October 2, 2007
Ashish Jain’s Open Letter to the CardSpace Team

Today Ashish Jain posted an “Open Letter to the CardSpace Team” that I’d highly encourage everyone interested in Information Cards to read. As I replied to Ashish, this is fabulous feedback. These are exactly the kinds of issues we’re going to need to nail, both as the Microsoft CardSpace team, and as an industry, to get to seamless, ubiquitous use of Information Cards. Thanks for the great input!

As we’re planning future versions of CardSpace, it’s incredibly valuable to be hearing this and other constructive feedback from the community based on real deployment experiences. Keep it coming!

Towards that end, please permit me to be so bold, Ashish, as to ask you to write a second installment of your Open Letter. You did a tremendous job in the first capturing things that we could do better on. In the second it would be cool if you could capture the things that you believe that we already got right. Why? To hear you heap on the praise? No (although we’ll never refuse that when offered :-) ). I’m asking so that as we change things to make future versions better, we also have community input in some areas saying “This aspect of CardSpace is already working well for me – please keep it working at least that well in the future!”

And of course, my request doesn’t only apply to Ashish. The more concrete feedback we receive about what’s working well for you with CardSpace and what isn’t, the more data we’ll have to base our future decisions upon. Drop me a note when you post feedback and maybe also leave a blog comment on this post pointing to your feedback as well so I and others will be sure to see it.

Finally, as you know, the CardSpace team now has a voice at CardSpace: Behind The Code where you can expect to hear both posts both about things we’ve already improved in the upcoming the .Net Framework 3.5 release and also questions from the team and community dialog. So be sure to tune in to the discussion there as well.

Thanks again for the great letter, Ashish!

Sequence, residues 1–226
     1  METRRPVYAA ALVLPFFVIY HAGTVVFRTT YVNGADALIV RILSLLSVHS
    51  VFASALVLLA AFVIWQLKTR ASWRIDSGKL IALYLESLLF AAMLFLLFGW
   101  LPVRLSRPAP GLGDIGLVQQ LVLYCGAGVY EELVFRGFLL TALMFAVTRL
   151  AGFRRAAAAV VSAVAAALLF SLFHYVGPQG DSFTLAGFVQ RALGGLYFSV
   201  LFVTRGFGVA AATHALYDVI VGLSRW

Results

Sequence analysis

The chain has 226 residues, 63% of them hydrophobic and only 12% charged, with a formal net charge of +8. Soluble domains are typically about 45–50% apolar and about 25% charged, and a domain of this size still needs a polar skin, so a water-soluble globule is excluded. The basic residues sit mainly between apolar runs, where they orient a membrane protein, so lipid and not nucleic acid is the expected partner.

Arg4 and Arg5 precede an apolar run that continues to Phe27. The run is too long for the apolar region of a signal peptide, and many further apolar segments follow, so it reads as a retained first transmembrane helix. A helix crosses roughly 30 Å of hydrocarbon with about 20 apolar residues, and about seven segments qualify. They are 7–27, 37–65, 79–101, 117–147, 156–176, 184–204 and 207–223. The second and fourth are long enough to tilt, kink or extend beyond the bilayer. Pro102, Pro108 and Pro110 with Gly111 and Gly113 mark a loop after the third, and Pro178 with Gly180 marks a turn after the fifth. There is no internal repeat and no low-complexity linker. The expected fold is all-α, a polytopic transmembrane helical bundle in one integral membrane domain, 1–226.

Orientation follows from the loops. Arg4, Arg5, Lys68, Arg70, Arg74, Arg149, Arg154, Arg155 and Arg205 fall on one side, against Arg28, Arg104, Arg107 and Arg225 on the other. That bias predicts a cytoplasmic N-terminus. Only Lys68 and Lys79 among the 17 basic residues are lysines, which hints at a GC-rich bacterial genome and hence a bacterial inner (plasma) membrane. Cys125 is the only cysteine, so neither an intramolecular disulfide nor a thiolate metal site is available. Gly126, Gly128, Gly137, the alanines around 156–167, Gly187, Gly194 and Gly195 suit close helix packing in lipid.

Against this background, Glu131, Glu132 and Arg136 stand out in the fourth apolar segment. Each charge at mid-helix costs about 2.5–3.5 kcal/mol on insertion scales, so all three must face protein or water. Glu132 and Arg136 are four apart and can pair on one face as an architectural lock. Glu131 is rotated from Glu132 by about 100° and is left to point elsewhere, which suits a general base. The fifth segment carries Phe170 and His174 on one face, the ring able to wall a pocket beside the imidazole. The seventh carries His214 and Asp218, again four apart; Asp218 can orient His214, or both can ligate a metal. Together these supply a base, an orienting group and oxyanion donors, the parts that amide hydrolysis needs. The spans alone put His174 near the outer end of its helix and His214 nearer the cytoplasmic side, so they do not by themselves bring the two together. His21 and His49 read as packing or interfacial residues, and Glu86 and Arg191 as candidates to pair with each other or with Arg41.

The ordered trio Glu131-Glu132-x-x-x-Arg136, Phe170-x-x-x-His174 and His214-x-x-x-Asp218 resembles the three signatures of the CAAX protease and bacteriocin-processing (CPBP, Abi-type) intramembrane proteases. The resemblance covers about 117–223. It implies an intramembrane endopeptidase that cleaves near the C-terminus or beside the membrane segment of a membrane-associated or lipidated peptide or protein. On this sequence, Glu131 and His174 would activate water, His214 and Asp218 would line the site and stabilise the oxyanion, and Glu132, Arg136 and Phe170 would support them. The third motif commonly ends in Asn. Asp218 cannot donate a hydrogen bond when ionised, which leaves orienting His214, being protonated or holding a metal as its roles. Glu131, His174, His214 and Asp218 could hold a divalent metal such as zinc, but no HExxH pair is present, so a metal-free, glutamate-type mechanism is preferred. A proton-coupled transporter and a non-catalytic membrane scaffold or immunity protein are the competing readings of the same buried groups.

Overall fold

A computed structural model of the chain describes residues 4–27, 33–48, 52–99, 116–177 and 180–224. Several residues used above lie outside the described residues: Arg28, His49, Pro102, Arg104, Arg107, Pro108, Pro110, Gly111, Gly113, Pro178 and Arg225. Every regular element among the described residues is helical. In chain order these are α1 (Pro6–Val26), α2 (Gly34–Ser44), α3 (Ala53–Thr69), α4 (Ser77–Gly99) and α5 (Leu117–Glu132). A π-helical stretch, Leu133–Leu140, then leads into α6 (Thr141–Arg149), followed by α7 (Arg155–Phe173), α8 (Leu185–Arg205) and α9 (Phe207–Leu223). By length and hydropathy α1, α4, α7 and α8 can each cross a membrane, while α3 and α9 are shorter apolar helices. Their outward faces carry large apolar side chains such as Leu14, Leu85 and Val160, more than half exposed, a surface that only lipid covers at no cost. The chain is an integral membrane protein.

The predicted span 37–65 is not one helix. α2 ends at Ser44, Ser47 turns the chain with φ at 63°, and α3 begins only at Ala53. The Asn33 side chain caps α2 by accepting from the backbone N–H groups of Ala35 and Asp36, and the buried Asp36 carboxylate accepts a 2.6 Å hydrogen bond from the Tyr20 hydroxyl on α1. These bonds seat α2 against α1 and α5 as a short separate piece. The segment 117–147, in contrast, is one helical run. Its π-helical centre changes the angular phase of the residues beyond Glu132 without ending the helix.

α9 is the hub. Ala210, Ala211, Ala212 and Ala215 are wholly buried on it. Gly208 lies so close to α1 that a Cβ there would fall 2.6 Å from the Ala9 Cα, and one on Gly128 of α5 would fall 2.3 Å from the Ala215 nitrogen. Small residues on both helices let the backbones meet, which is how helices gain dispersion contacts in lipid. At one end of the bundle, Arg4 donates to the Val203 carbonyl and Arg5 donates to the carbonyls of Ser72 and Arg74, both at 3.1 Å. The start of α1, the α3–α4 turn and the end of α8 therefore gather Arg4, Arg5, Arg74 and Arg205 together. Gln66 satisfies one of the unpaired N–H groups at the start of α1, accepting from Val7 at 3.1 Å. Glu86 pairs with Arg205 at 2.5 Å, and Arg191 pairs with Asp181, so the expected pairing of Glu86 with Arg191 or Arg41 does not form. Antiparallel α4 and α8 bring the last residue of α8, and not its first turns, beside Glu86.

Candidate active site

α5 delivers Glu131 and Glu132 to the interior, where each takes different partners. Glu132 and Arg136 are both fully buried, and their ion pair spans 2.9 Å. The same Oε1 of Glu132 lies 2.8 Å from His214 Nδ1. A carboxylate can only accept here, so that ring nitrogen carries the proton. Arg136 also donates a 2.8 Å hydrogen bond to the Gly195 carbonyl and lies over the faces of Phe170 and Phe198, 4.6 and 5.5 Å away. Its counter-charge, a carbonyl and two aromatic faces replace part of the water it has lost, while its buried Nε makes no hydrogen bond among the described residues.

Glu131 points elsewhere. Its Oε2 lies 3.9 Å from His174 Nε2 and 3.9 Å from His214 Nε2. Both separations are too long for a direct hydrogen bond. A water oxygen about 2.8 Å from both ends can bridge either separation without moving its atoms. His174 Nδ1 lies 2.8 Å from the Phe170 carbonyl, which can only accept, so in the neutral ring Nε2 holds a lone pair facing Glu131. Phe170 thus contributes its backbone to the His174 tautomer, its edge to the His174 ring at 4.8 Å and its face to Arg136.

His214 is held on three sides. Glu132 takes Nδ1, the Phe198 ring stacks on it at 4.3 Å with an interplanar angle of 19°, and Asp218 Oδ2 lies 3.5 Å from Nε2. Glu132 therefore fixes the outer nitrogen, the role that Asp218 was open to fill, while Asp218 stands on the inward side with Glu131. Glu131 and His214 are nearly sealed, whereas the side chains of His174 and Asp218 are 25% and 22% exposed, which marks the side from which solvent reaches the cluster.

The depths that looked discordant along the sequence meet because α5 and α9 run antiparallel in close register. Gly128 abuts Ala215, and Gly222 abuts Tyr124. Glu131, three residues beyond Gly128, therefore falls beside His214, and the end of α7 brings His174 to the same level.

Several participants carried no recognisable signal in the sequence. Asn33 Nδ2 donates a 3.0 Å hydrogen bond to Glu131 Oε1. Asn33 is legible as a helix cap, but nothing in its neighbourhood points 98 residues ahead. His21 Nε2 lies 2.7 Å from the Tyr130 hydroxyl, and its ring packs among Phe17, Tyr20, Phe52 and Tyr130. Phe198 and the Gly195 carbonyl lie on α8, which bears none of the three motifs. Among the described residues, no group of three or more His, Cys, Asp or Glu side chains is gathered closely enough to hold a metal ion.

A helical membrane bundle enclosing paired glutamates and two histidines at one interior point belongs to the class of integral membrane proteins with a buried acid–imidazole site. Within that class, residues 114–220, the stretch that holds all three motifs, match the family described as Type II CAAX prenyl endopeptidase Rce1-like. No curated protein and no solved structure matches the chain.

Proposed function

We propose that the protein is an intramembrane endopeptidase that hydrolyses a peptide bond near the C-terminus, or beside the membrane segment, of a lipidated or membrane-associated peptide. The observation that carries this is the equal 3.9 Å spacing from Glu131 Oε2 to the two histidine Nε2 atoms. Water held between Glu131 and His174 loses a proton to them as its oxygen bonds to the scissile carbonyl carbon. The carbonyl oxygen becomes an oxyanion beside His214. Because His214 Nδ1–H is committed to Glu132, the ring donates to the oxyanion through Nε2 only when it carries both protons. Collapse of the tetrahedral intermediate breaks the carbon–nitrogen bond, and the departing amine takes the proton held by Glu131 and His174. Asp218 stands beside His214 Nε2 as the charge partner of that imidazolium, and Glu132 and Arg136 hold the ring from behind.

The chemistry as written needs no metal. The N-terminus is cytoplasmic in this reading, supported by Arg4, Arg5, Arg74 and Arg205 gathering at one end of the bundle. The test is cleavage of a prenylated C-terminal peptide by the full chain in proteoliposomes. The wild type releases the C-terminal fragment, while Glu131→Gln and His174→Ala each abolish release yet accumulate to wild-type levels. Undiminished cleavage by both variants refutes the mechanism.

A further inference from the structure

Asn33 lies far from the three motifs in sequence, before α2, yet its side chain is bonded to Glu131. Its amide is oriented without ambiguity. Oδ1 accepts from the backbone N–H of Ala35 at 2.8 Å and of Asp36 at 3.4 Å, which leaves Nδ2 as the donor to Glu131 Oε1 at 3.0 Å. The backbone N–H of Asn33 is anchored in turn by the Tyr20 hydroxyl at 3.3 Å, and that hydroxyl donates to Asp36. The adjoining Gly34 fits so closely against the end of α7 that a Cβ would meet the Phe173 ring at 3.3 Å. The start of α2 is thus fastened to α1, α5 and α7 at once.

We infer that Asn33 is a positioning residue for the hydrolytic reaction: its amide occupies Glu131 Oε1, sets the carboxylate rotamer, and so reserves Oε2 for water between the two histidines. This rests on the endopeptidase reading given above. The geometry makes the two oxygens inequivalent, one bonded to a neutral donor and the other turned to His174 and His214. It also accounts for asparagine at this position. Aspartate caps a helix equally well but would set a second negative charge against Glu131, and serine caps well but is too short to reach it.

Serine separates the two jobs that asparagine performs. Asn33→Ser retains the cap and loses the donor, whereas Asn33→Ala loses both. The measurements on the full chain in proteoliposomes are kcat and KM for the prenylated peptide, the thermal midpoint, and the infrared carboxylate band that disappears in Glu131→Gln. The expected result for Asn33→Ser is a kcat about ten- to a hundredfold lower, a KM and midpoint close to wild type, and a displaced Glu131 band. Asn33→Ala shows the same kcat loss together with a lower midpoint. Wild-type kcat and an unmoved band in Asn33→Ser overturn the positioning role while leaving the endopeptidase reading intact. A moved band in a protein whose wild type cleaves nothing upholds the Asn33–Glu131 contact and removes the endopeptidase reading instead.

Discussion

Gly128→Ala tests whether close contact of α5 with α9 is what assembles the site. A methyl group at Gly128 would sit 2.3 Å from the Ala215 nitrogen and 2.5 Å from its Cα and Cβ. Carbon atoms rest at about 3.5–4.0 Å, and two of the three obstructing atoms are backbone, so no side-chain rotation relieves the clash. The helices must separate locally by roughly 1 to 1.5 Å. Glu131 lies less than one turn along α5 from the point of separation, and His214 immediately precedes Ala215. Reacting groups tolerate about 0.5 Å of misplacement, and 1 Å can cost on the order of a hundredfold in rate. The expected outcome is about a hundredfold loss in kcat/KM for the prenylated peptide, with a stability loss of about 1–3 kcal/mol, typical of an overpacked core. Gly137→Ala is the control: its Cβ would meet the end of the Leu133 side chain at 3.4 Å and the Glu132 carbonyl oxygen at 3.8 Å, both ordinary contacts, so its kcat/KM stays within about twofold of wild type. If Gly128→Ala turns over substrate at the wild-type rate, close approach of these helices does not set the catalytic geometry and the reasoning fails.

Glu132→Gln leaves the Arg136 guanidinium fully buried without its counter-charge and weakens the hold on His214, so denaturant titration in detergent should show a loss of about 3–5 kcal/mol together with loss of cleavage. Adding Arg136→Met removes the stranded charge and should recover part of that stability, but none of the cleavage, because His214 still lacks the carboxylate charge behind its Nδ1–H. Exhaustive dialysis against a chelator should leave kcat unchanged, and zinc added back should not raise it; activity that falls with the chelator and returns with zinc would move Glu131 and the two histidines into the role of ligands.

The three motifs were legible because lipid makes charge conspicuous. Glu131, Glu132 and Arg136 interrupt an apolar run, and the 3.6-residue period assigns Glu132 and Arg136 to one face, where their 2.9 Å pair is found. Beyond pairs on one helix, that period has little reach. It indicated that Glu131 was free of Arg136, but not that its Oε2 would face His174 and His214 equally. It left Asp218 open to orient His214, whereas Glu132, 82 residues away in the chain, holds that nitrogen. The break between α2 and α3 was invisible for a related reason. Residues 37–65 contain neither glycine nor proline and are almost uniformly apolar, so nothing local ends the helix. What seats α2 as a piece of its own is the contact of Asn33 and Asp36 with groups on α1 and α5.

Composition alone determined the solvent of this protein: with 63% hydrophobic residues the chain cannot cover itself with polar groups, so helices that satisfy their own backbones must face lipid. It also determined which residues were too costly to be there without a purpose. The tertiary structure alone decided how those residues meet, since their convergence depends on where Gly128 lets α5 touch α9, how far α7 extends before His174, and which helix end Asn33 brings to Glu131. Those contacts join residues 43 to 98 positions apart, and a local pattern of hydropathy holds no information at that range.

2 Responses to “Ashish Jain’s Open Letter to the CardSpace Team”

  1. Dennis Hamilton on 03 Oct 2007 at 11:22 am #

    Halleluiah, Halleluiah, HALLELUIAH!!

    [my word for the day]

    At last, someone who wants to know what is working for people as well as where people want to see improvement.

    I can’t tell you how many times I see feature recidivism where something that works great for me is corrupted or removed altogether (witness my love affair with POP, which works wonderfully for me and which has been in and out of MSN, Hotmail, Windows Live Mail over and over again because someone decided that one other perfect way was better for all of us, whether IMAP or the Web or …). An example that comes to mind today because of the return of POP3 access to Hotmail.


    And know, I didn’t know about Behind the Code so I will be watching. Must have missed it.

    Do you have a place where community input should be addressed or are you just searching for tag=”CardSpace” everywhere?

  2. Eric Norman on 03 Oct 2007 at 5:19 pm #

    First of all, don’t anyone get me wrong here. Ashish’s letter is a real good thing. Mike’s acknowledgment of it is a real good thing. I’m not complaining, but I will comment.

    About the first bullet: I don’t think number of clicks is considered a good measure of usability by folks that study usability. It’s too much geekspeak and doesn’t measure what’s important.

    When it gets down to such details, usability people think in terms of tasks. There are different kinds of tasks: cognitive — recalling things, making decisions; operational — reading dials (displays), twisting knobs, pushing buttons, typing things in, etc.

    There’s nothing inherently wrong with asking users to click. Fer Pete’s sake, we do it all the time with those link things. What has a negative impact on usability is if users don’t have the information they need to decide whether to click or not.

    Besides, the 5 click claim sure doesn’t sound right to me. Is that 5 extra clicks beyond what would happen with username/password? Perhaps a list of the task associated with each of those 5 clicks would help.

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